John Ekdahl at Ace of Spades has an interesting theory about the “enrollment surge” reported after the Thanksgiving weekend, which he notes was based entirely on extrapolations from two days’ worth of data – an extrapolation the media was very happy to perform, no questions asked, even though Health and Human Services Secretary Kathleen Sebelius spent every day of the last two months insisting that the federal exchange system is not capable of producing enrollment reports that fast. Remember? Every single time she was asked to produce up-to-the-minute figures, she swore up and down that it could not be done – the system was physically incapable of coughing up the numbers. But suddenly, after November 30, BOOM! Here’s two days of data, media! They lapped it up like cream and ran stories about how much the system had improved… never going back to notice that nothing beyond those two days was ever subsequently provided.
In other words, the media got suckered again, and Ekdahl has a very sound idea for what those two days of enrollment data really mean:
So, here’s my theory. These 29,000 new enrollees over those two website deadline days was not a spike in enrollment; they were the backlogged November enrollments that had gotten caught in this data communications black hole. The information was fixed and these people were then formally enrolled over these two days. Boom, there’s your enrollment spike.
[…] We’ll see what happens later in the month. If I’m right, this will all catch up with them. If there is one thing we’ve seen from this bungled operation is that they’re panicked and will gladly trade a long-term loss for an immediate short-term win. Just get through today’s news cycle. I could be wrong, of course. It’s just a theory of mine. But it all does seem convenient.
I would follow up by asking how much of that possibly phony “enrollment surge” made it all the way through the system and became validated by a premium payment. CNN Money ran a story about the payment situation on Thursday:
Here’s the timeline: Consumers have until Dec. 23 to pick an insurance plan on healthcare.gov, the federal Obamacare exchange handling enrollment for 36 states, if they want to be covered at the start of the new year. Once they do, a final screen confirms they’ve completed their application, but warns that they have to pay their first premium for coverage to be activated.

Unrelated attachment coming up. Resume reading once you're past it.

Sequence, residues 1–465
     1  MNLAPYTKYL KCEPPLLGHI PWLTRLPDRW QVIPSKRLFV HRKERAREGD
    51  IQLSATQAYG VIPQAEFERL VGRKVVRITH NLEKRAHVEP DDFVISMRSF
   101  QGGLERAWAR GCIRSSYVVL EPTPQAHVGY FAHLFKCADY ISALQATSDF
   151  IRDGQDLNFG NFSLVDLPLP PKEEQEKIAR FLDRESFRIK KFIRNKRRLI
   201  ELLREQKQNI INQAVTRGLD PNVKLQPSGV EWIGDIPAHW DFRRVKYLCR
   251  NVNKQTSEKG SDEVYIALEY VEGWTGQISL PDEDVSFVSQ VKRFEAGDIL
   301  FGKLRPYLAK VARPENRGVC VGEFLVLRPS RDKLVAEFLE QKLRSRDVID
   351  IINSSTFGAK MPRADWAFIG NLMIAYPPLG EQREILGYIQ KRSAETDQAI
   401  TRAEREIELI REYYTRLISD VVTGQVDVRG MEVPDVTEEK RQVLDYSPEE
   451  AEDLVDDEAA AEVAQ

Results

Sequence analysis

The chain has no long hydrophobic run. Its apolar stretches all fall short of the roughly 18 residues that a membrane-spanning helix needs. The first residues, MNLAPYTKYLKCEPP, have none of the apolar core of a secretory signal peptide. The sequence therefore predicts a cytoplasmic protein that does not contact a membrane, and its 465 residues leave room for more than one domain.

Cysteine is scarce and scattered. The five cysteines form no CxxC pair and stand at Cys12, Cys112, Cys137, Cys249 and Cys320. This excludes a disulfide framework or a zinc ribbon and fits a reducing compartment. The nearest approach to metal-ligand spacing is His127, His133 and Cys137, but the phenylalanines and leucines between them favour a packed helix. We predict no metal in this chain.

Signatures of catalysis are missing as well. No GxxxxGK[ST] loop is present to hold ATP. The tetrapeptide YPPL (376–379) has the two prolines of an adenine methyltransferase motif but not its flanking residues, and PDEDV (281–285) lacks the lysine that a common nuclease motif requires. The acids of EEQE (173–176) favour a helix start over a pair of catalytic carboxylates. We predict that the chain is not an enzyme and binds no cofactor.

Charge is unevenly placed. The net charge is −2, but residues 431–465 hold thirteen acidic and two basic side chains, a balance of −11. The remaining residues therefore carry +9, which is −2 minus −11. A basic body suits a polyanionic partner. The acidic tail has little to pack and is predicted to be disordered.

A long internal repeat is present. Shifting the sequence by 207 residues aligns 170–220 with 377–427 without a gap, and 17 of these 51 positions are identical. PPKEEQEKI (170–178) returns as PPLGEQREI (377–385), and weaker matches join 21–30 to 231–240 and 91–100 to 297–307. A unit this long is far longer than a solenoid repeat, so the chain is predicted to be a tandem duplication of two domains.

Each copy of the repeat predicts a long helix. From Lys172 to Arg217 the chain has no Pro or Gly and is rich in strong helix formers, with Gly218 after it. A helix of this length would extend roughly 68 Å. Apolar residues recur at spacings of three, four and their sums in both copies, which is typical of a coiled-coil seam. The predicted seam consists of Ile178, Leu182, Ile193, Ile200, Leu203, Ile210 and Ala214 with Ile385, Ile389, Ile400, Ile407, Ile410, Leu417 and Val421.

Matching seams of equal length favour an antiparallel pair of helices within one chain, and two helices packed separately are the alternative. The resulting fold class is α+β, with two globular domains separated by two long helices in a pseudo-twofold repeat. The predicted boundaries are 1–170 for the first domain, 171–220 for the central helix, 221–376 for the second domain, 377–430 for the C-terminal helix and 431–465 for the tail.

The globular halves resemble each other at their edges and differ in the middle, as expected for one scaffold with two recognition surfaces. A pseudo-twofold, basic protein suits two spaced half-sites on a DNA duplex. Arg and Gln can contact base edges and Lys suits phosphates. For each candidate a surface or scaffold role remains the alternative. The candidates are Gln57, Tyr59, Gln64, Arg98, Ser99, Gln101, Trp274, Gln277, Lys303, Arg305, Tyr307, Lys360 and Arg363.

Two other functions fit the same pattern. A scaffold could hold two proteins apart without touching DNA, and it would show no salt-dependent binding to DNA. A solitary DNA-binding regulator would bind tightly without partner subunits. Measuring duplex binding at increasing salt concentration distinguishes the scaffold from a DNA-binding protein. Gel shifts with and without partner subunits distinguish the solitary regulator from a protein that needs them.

The site then provides a payment button that takes them to their insurer’s website. Some companies accept online payments, but others give consumers information about how to take care of the bill.
Those who live in the 14 states (plus the District of Columbia) with their own exchanges face different deadlines. In Oregon, for instance, residents had to submit initial applications by Dec 4, while Californians have until Jan. 6 to make their first payment. Those planning to sign up this month should check the deadlines of both their exchange and their chosen insurer.
We’re rapidly approaching a vague, but very real, deadline where it will become impossible to process payments in time to secure coverage. A few private companies are giving up the data about payments that Team Obama adamantly refuses to disclose, and it doesn’t look good at all:
One insurer, Physicians Health Plan of Northern Indiana, has received payments from only about 20% of applicants, nearly all using the firm’s online portal, said Jim Brunnemer, the chief financial officer. It is sending invoices and email reminders to those who haven’t yet sealed the deal. If payment isn’t made by New Year’s Eve, PHP has been told by federal officials that it must void the application.
The Administration should be compelled to release the data it’s been hoarding and tell us how payments through the federal exchange are coming along. (We’re going to find out the hard way in January, as we start hearing stories about people who sought treatment at doctors’ offices and hospitals, only to be told their ObamaCare insurance isn’t valid.) Meanwhile, the private sector is once again stepping up to help victims of federal incompetence:
Another complication is that insurers also don’t have a lot of time to process applications and send out ID cards. The timeline, particularly over the holiday week, will prove “challenging” for some companies, one industry executive said.